"Nope. You're not a Talon any more than you're a zebra. You will be, though. Ha ha not a zebra, though, don't be silly. Well, no, unless you die. Then you won't be a Talon. But most of the recruits don't die. The king only sends us strong ones. But you're not very strong, so I don't know what he's thinking, but I bet he knows what he's doing anyway. Yep. You'll be fine. Now get up and get moving! You have a lot to learn. Boy, do you have a lot to learn! I'm surprised you can even figure out how to feed yourself. Ha ha, but you clearly have that one down pat! Fatty fat."

Gilda stood, bracing aginst the wall. She was still a bit confused, but at least she could see straight again. She took a step forward. And another. And another. And--huh. She was naked. She looked back. Her robes were in a heap on the floor behind her. She turned to retrieve them.

Frankie said in her little sing-song voice, "Nope. Sorry Gilda. You're not Twistbeak any more. Twistbeak needs robes. Gilda doesn't. But you know that now, right? Twistbeak is dead. Hopefully Gilda won't be!"

Gilda ran a talon along her beak. Okay. Sure. Why not. She thought the robes were stuffy anyway.

The two walked down the hallway together. Gilda thought a bit. She could deal with this, maybe. A Talon. She didn't know what that meant, but if even Twistbeak didn't know what that meant, it was probably pretty awesome. Plus, this kid had just cleaned her clock in a way she didn't even know was possible. It would be pretty sweet to do that to somebody else. And yeah, she was sick of being Twistbeak. She had become a scribe after returning to Gryphonia--as family honor demanded, sigh--but truth be told, she never really liked the lifestyle. She wanted action. Sure, she was good at being a scribe, yeah, but she was good at most things. Well...she thought she was, anyway. Not according to Frankie, it seems, but Frankie's a different story.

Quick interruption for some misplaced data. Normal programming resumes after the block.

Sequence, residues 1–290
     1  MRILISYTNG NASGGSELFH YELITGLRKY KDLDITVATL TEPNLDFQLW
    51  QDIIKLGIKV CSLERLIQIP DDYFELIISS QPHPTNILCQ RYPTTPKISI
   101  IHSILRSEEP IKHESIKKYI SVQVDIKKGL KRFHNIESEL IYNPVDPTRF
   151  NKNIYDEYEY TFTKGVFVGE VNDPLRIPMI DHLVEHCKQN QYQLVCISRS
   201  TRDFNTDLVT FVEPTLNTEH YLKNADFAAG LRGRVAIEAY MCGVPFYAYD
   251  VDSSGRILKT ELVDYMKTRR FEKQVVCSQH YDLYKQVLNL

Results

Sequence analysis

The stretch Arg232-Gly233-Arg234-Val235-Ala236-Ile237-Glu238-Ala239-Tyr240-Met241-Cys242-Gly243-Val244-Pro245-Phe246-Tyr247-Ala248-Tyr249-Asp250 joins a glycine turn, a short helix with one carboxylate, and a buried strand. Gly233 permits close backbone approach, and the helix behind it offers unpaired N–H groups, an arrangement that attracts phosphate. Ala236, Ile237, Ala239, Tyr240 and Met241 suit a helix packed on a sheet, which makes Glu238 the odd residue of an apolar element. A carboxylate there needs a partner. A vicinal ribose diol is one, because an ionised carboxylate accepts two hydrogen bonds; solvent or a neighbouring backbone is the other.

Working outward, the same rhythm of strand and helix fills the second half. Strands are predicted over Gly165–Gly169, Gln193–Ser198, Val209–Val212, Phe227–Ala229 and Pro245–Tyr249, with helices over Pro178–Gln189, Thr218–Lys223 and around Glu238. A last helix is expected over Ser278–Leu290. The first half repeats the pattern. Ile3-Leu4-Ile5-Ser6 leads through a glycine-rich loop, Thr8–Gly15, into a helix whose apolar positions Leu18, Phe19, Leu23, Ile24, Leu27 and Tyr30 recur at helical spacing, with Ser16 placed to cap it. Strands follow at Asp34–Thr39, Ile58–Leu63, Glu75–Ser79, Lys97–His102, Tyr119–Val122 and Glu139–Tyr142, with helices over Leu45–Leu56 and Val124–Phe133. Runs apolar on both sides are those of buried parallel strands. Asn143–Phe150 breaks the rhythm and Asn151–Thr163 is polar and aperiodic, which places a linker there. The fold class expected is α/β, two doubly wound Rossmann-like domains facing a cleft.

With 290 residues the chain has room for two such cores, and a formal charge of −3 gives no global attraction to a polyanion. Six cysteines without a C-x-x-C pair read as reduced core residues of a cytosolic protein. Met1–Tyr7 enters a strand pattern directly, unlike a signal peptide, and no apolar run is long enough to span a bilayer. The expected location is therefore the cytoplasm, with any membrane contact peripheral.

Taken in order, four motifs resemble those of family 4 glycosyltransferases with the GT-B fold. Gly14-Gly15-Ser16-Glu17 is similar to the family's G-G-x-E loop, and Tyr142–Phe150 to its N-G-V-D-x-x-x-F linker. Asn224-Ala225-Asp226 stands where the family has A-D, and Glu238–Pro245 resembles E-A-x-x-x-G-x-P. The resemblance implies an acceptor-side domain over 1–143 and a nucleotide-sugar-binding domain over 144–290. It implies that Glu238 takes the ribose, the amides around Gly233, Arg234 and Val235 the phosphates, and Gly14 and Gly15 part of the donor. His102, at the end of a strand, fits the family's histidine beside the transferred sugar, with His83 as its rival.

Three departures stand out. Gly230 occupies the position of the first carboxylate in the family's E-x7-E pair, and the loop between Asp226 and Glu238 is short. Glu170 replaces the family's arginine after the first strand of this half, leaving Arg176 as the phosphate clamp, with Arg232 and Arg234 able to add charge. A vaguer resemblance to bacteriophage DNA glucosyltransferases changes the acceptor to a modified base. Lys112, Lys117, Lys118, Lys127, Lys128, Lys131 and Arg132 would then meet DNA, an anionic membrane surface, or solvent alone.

She looked down at the little gryphon. "Alright. Sure. So, yeah, Frankie. Couldn't help but notice that you're not exactly the model of grooming yourself. Give it to me straight, doc--am I gonna look like you soon?"

Frankie looked back, confusedly. "Huh? What's wrong with the way I look? My talons are sharp! See?" She held up a claw.

Gilda laughed. "No, kid. Your feathers. Your beak. Everything else."

Frankie's expression didn't change. "Um...I dunno. I don't really bother worrying about that. There's so much more important stuff to think about. As long as your talons are sharp, you're fine! But I guess if you wanna spend your time preening yourself like a pretty little baroness, you can do that too!" She smiled and looked ahead. "We get some free time, you know. You can preen then! And brush your fur, and take bubblebaths and be pretty! Ha ha, a pretty Talon! We've had a few, you know. But they don't stay here. They do other things. I don't know what."

Gilda looked around. The hallway was longer than it looked. They walked on, Gilda silent, Frankie humming.

Then they reached the end of it. Gilda glanced at Frankie. Frankie nodded impishly. Gilda tapped on the wall in front of them. Frankie jumped up on Gilda's back, then chirped in her ear, "Good luck! I bet you won't die!"

Then she leapt off, and flew back down the hallway--surprisingly fast, given the state of her wings. Gilda looked back at the wall in front of her, and tapped it again. And the floor opened, and Gilda fell.